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I have a conceptual question regarding zero-coupon bonds. Say a bond issuer has issued a bond for funding itself, this bond has been split by the issuer (for simplicity assuming issuer is the same as market maker).

The issuer sells the bond at a deep discount to the face value. This discount becomes the capital gains (profit) for the bond holder. The issuer has therefore two obligations:

  1. C-STRIPS in which the issuer is paying coupon payments
  2. P-STRIPS in which the issuer is paying the discount

Why would the the issuer undertake two obligations of coupon payments and discounted bond prices? If the bond was not stripped, the issuer would only have one obligation of coupon payments and would get the entire face value as a funding source. But by stripping the bond, the issuer has eroded its funding.

What is the rationale for the bond issuer to do so?

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    $\begingroup$ One point of clarification: the discount of a ZC bond is typically treated as interest income over time, not capital gain. $\endgroup$
    – D Stanley
    Commented Jun 1, 2023 at 15:13
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    $\begingroup$ @DStanley I think how a ZC bond is treated would depend on the buyer and its actions. For example, if it is a bank who is holding it under the not-for-sale category, then that bank should not recognize the quarterly changes in the bond's valuation over time as interest income contributing to its quarterly US-GAAP earnings. Not sure about the tax treatment though. $\endgroup$
    – Alper
    Commented Jun 1, 2023 at 20:48
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    $\begingroup$ For a corporate bond issuer, paying bond coupons may help reduce income tax. I don't think this works for ZC. $\endgroup$ Commented Jun 1, 2023 at 20:49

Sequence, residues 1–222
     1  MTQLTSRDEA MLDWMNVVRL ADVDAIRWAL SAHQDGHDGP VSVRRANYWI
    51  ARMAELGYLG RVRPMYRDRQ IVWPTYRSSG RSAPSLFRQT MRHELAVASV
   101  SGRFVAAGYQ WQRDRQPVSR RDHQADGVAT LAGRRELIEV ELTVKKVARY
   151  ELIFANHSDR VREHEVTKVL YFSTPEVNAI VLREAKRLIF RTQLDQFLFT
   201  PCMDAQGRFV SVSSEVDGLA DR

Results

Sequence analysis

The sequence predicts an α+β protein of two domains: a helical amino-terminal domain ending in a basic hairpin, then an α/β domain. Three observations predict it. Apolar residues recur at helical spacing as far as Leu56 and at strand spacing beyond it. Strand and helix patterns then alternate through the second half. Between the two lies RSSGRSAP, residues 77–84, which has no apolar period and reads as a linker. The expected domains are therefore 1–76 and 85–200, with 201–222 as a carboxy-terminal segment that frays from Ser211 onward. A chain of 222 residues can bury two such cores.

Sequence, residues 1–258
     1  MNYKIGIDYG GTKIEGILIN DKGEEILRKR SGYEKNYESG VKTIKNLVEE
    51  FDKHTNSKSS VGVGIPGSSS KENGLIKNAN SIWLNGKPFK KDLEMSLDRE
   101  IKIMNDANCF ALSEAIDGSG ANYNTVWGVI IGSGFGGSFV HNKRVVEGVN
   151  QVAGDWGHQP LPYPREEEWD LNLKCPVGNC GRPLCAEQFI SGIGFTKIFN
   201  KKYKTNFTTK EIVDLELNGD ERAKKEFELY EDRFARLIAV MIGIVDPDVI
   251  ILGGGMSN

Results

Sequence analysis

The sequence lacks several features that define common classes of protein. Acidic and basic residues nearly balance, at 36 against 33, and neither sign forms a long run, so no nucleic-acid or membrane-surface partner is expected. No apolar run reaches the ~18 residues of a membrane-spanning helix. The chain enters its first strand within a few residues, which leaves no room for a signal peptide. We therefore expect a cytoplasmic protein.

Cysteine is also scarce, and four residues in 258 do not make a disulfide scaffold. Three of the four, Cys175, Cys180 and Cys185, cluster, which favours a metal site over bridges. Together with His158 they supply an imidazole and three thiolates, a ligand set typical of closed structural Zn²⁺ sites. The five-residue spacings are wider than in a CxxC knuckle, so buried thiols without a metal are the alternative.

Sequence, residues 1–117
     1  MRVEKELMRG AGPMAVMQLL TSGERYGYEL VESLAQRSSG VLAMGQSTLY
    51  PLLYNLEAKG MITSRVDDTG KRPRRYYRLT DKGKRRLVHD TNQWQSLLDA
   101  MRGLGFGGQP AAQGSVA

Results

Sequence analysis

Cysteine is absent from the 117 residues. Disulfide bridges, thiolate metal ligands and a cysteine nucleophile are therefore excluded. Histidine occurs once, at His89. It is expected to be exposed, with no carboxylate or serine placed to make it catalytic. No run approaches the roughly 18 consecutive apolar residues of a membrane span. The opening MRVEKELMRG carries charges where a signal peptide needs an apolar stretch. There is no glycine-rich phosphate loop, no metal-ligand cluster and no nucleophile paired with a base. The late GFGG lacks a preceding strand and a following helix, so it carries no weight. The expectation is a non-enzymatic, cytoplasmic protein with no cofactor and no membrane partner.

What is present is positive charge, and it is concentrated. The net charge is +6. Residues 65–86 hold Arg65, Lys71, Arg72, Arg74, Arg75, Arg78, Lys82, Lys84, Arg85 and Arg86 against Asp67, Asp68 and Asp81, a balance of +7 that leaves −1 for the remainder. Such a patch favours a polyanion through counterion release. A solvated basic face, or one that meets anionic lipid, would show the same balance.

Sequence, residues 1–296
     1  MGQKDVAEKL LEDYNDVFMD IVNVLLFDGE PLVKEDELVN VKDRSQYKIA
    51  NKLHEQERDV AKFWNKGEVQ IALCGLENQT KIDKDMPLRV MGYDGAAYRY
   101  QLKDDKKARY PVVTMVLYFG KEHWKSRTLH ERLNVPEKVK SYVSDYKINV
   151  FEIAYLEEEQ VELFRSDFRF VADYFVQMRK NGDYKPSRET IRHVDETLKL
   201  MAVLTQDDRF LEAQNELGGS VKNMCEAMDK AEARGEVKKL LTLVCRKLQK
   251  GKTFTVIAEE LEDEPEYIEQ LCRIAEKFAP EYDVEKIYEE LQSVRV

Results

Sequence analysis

2 Answers 2

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The stripping does not affect the present value (to a first approximation), if the firm issued a 1 million coupon bond, and it was stripped, the value received from selling the coupon-strip plus the value from selling the principal-strip would be 1 million dollars. It is just a repackaging (minus investment bank fees , of course and possibly plus a small premium paid by eager strip buyers).

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  • $\begingroup$ So for the sake of simplicity can we assume that a bond's coupon before stripping is higher than it's coupon after stripping? $\endgroup$
    – Kay
    Commented Jun 1, 2023 at 19:20
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    $\begingroup$ Why do you say that? What is the problem/situation you are trying to solve? $\endgroup$
    – nbbo2
    Commented Jun 1, 2023 at 22:24
  • $\begingroup$ I am studying bonds and authors introduce stripping of bonds without any context. I want to understand the context and mechanism behind the process. Why would you 1. Go through the hassle of splitting 2. And give a discount on p strip while the issuer could just get the full value of financing (say $1000) without stripping? Because the obligation of full contractual coupon payment still exists. Currently it seems like a disadvantage to the issuer $\endgroup$
    – Kay
    Commented Jun 2, 2023 at 7:45
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    $\begingroup$ The corporation (or more likely Governemnt) likes/wants to issue Coupon Bonds, so it issues a Coupon Bond. An Investment Bank sees a business oppty, it buys the Bond and sells the c-strips and p-strips to Insurance Companies and Pension Funds that are eager to buy such things. The Corporation makes Coupon and Principal payments as usual on a coupon bond. The ICs and PFs receive the strip payments. The IB makes a small profit from the ICs and PFs, it may or may not pass some of it back to the issuer. Everyone makes/receives the payments they wanted and agreed to make. Nobody loses. $\endgroup$
    – nbbo2
    Commented Jun 2, 2023 at 8:55
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The rationale is that the bond issuer gets capital upfront with no periodic payment required. So depending on the use of the proceeds, it may be more beneficial to receive a lower amount upfront in exchange for the freedom from those coupon payments.

There may be also some investors that prefer zeros for various reasons, so if there is a demand for these bonds it would be natural to have some supply.

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  • $\begingroup$ The issuer still has the periodic payment to make in form of the c-strip. So I don't understand how that obligation is avoided? $\endgroup$
    – Kay
    Commented Jun 1, 2023 at 21:05
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    $\begingroup$ I must not be understanding the question - I'm talking about ZC bonds in general. $\endgroup$
    – D Stanley
    Commented Jun 2, 2023 at 13:54

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